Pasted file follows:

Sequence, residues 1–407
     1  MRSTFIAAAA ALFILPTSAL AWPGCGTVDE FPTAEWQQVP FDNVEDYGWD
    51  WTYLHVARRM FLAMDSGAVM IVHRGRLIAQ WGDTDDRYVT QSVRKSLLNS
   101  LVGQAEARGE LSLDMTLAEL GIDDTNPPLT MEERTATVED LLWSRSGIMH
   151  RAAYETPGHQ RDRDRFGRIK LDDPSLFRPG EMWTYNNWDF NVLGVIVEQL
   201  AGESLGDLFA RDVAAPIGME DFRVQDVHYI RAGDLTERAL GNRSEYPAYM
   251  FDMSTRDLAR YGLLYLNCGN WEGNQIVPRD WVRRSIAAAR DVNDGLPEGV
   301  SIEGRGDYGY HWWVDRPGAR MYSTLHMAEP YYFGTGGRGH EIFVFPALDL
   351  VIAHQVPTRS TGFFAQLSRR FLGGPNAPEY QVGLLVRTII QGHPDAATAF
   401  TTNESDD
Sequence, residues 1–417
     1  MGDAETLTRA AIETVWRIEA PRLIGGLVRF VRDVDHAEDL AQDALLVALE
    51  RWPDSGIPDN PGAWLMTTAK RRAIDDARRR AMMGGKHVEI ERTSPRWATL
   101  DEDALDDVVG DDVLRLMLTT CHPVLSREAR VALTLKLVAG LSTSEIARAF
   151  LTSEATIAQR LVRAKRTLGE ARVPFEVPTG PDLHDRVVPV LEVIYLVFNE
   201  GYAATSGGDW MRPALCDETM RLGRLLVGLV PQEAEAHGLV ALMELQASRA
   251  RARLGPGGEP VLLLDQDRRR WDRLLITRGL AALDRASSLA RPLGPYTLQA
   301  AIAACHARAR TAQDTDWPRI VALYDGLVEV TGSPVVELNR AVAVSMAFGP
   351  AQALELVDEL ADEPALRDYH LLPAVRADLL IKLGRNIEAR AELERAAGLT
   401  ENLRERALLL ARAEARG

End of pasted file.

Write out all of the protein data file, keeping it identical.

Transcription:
Sequence, residues 1–407
     1  MRSTFIAAAA ALFILPTSAL AWPGCGTVDE FPTAEWQQVP FDNVEDYGWD
    51  WTYLHVARRM FLAMDSGAVM IVHRGRLIAQ WGDTDDRYVT QSVRKSLLNS
   101  LVGQAEARGE LSLDMTLAEL GIDDTNPPLT MEERTATVED LLWSRSGIMH
   151  RAAYETPGHQ RDRDRFGRIK LDDPSLFRPG EMWTYNNWDF NVLGVIVEQL
   201  AGESLGDLFA RDVAAPIGME DFRVQDVHYI RAGDLTERAL GNRSEYPAYM
   251  FDMSTRDLAR YGLLYLNCGN WEGNQIVPRD WVRRSIAAAR DVNDGLPEGV
   301  SIEGRGDYGY HWWVDRPGAR MYSTLHMAEP YYFGTGGRGH EIFVFPALDL
   351  VIAHQVPTRS TGFFAQLSRR FLGGPNAPEY QVGLLVRTII QGHPDAATAF
   401  TTNESDD
Sequence, residues 1–417
     1  MGDAETLTRA AIETVWRIEA PRLIGGLVRF VRDVDHAEDL AQDALLVALE
    51  RWPDSGIPDN PGAWLMTTAK RRAIDDARRR AMMGGKHVEI ERTSPRWATL
   101  DEDALDDVVG DDVLRLMLTT CHPVLSREAR VALTLKLVAG LSTSEIARAF
   151  LTSEATIAQR LVRAKRTLGE ARVPFEVPTG PDLHDRVVPV LEVIYLVFNE
   201  GYAATSGGDW MRPALCDETM RLGRLLVGLV PQEAEAHGLV ALMELQASRA
   251  RARLGPGGEP VLLLDQDRRR WDRLLITRGL AALDRASSLA RPLGPYTLQA
   301  AIAACHARAR TAQDTDWPRI VALYDGLVEV TGSPVVELNR AVAVSMAFGP
   351  AQALELVDEL ADEPALRDYH LLPAVRADLL IKLGRNIEAR AELERAAGLT
   401  ENLRERALLL ARAEARG